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Old 26-Jan-2012, 1:10 AM   #21
elmo
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Is it bad to light up an old thread?! Hope not, as I think this one that GUM has started is pretty darn good. I thought that maybe I could add a little to it, sharing my experiences in getting my OTA setup tweaked, as I've done similar, going in a slightly different direction.

Those HDHR's are sweet and really made my setup fly. I got a refurb direct from SD for half price and scored another deal on a new one some time soon after. Both are dual tuners, so I have 4 signals coming in, one HDHR connected to a single antenna. They are in my office closet, jacked into my 8-port router. Wife and I both have laptops, so now we can have TV anywhere we take the laptops, thanks to wi-fi. We get all the big networks; ABC, CBS, NBC, FOX & PBS. Mix in all the subchannels and a couple of other networks and it's a pretty decent selection.

Ok, so the next best thing to the microwave is the DVR, right? I think so! That was the next step. Being that I already had a Home Theater PC previously....or at least a sad attempt at one, it was time to revisit. This time I build a shoebox version; it's dead quiet and can playback 1080p BluRay. Scoring deals, I had about $300 in it. It's running Windows 7. Windows Media Center is included and that's what handles the the DVR management duties. Once I loaded the HDHR drivers, WMC found the tuners and scanned for the stations. Then it downloaded the necessary TV guide. WMC records locally and has a function to archive to a server. (Yes, I have a Windows Home Server in a closet with plenty of disk space.) There, the recorded content can be shared with other WMC PC's, if you want to watch elsewhere. The DVR functionality is the best I've seen compared to the dish companies.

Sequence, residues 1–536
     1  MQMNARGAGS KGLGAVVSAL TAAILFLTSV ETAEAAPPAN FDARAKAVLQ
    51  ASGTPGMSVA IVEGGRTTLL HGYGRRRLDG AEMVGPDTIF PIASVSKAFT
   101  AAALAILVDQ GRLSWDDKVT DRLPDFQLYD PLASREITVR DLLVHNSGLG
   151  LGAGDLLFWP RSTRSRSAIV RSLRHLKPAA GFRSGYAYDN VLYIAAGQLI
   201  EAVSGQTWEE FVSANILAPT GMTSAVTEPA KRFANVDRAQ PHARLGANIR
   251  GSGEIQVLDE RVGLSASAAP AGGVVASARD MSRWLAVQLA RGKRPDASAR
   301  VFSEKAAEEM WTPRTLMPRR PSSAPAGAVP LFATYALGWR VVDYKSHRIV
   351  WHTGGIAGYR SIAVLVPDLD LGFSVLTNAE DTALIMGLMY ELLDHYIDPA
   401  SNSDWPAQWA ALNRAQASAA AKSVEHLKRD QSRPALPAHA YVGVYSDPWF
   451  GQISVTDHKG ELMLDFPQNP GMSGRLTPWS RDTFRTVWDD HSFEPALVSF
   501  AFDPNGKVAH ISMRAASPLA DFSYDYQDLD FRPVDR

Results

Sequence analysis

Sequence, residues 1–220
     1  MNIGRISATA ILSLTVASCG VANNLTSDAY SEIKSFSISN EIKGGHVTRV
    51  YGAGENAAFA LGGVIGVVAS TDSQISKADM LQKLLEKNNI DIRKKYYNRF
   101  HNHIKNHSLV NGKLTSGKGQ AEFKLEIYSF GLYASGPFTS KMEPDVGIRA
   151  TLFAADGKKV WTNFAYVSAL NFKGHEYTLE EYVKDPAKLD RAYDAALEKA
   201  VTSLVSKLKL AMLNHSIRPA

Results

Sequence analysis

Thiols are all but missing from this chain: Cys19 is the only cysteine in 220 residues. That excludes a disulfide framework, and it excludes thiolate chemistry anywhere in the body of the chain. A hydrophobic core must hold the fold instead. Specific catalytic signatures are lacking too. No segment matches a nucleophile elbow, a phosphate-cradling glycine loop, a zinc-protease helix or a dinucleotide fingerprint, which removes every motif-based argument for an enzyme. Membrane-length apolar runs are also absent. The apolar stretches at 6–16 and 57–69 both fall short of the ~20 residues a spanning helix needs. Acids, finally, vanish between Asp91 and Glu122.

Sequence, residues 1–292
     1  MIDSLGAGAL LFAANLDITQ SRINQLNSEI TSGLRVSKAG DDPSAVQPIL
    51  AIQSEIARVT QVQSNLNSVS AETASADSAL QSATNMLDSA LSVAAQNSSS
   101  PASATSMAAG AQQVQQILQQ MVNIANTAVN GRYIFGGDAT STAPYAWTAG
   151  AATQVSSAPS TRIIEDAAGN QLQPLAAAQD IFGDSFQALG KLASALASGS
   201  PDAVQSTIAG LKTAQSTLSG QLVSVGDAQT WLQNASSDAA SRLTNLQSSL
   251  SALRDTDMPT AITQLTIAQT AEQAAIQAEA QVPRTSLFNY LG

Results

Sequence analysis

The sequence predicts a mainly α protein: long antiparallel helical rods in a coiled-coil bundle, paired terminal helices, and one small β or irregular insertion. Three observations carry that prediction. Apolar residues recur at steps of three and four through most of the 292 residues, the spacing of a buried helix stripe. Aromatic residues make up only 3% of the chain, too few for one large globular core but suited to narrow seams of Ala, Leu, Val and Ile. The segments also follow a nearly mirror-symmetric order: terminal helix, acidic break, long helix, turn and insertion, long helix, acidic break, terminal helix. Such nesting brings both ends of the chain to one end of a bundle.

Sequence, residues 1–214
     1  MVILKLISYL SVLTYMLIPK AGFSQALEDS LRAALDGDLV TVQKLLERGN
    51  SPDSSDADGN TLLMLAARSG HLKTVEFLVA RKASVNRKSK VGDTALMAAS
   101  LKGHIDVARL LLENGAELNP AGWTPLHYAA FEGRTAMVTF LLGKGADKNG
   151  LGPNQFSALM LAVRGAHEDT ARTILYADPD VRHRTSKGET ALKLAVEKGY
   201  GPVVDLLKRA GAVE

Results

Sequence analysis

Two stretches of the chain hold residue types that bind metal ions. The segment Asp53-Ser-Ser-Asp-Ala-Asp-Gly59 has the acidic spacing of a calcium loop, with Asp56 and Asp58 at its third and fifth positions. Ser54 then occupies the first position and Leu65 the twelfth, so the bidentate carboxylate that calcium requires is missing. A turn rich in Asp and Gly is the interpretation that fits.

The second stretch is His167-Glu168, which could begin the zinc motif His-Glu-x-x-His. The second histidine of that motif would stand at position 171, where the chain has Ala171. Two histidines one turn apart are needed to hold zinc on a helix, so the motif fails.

Outside of that, I have an app called Media Browser that is customized to present our movie collection. I've diced that up into kids movies and uhm, PG+ for the adults...not to be confused with adult movies! For a year or so, we also used the Netflix app for some streaming movies, but have since unsubscribed from that. But my point is that everything runs under a seamless interface that is pretty wife and kid friendly. My 6 yr old can take our Harmony One remote and dial up about anything, from PBS to a Disney flick.

Yes, I spent a little money on some hardware, but I haven't spent any for a while now. Not paying $75/mth for sat service makes that pretty easy though. I did build my own PC's, but for not much more, a person could buy comparable plug-n-play devices to do the same. If you're reading GUM's post and considering cutting the cable for OTA, you're probably a little smarter than the rest anyway!

Last edited by elmo; 26-Jan-2012 at 2:22 AM. Reason: typo
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Old 28-Apr-2012, 10:58 PM   #22
SVTarHeel
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Quote:
Originally Posted by GroundUrMast View Post
As of December 2011 I own an HDHR3-US... Again, I wish SiliconDust had retained separate RF inputs to the individual tuners.
I'm thinking through the cable cutting process. At this point the leading contenders are a Myth HTPC and HDHomeRun. I ran across a new-in-the-box HDHR - it's white and has 2 plugs in the back. Is this like the 1st one(s) you have? Any reason to go for new new? Or is the dual input preferable in your mind?

Do you have your Myth box up and running? My Linux experience is limited although I have poked around the Mythbuntu site a bit.

My setup is relatively simple. We currently have DirecTV (two HR24 receivers) and 98% of everything on both DVRs is watched on a Samsung LN-T4053H. (I also have a Panasonic DMR-EZ27 DVD recorder there.) Am I correct in assuming that a Myth setup can play our 2% on the other TV with a low-end computer attached to it?